"For us, online training is the normal form of education and in-class is the exception. While the in-class provides a certain immediacy and focus, our online training allows members to work on assignments both alone and in small teams. Members can use online forums to post questions and advice they have on particular activities," says Alex Lindsay, president and chief-architect of Pixel Corps. Vfx artists prefer professional-quality field assignments over basic classroom learning.
Lindsay established Pixel Corps about five years ago and the guild currently has 1,500 members in 35 countries. From his nearly 20 years in production, Lindsay sees Pixel Corps as way to create a global production community capable of generating content around the world.
"We don't consider ourselves a school. We see ourselves as a guild," Lindsay adds. "Our training is designed to provide real-world experience and to challenge members to prove themselves. We actually work with schools to augment their programs with curriculum and class samples."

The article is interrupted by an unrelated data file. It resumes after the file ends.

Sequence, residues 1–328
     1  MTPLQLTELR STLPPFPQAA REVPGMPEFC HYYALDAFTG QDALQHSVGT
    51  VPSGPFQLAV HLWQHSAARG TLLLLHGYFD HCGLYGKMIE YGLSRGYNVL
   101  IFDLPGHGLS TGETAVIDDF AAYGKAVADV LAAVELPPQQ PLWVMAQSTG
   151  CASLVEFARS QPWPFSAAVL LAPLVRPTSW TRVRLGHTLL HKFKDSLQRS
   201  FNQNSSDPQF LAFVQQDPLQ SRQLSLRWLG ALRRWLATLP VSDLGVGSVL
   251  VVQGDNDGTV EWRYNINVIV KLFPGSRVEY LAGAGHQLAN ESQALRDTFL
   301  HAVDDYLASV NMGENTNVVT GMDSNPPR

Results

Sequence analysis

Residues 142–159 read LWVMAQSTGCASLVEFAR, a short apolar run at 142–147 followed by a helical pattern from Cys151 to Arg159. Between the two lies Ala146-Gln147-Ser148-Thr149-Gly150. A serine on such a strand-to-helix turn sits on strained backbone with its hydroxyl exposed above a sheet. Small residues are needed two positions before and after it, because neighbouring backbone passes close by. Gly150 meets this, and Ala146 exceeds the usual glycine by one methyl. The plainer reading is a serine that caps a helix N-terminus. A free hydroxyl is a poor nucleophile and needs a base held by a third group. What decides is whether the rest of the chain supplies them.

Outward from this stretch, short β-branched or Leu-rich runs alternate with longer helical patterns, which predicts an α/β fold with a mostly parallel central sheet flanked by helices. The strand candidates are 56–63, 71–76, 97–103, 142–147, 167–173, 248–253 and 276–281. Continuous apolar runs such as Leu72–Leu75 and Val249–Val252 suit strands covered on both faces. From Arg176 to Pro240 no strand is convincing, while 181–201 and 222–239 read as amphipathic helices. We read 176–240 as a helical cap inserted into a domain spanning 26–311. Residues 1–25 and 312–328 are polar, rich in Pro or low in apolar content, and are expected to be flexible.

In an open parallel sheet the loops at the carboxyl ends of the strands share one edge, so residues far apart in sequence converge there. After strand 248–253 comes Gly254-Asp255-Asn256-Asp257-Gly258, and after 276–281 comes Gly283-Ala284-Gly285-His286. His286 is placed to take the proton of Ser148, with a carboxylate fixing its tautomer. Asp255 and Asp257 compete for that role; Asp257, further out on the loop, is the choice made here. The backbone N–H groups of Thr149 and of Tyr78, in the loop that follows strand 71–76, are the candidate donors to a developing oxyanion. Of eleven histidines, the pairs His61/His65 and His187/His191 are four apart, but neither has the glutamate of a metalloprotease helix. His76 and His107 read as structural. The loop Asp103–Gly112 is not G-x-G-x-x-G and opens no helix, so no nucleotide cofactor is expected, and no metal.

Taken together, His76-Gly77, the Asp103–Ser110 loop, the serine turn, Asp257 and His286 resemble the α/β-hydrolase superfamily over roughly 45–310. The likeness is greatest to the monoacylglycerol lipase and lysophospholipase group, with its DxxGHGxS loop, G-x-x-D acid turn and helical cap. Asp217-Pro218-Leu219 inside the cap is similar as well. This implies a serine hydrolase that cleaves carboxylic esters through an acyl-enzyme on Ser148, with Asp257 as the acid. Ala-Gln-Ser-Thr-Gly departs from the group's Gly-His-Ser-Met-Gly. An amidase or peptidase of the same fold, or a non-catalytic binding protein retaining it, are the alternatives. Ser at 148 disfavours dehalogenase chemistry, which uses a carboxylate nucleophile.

fxphd is an off shoot of fxguide, an online community for vfx professionals. Mike Seymour in Australia and John Montgomery in Chicago are the co-founders of fxphd. fxphd was the world's first Autodesk online training center and an Apple online training center, which makes their product-specific courses internationally recognized and accredited.
fxphd combines the best of the DVD self-paced experience with the in-class ability to ask questions and interact. "You can go at your own pace -- but still have direct discussion with the expert teacher as you hit problems or need help in certain areas," says Seymour. fxphd experience is that people will buy DVD programs but do not take the time to watch them. They found that classroom experience is not for those who find it hard to give up their time to go to a fixed location. The fxphd experience allows students to study with other students in a group experience, which gives an incentive to stay caught up, but allows the students to juggle work, family and training, as needed.
"Unlike the DVD-based training, where students watch in isolation, our class recordings are supported by online forums that are monitored by the staff and professors," adds Montgomery. "All of our professors are experienced visual effects artists with backgrounds in motion picture and commercial visual effects, as well as commercial and broadcast motion graphics design. When we sit down to design the class, we think about what it would be like talking with the junior artist next to us."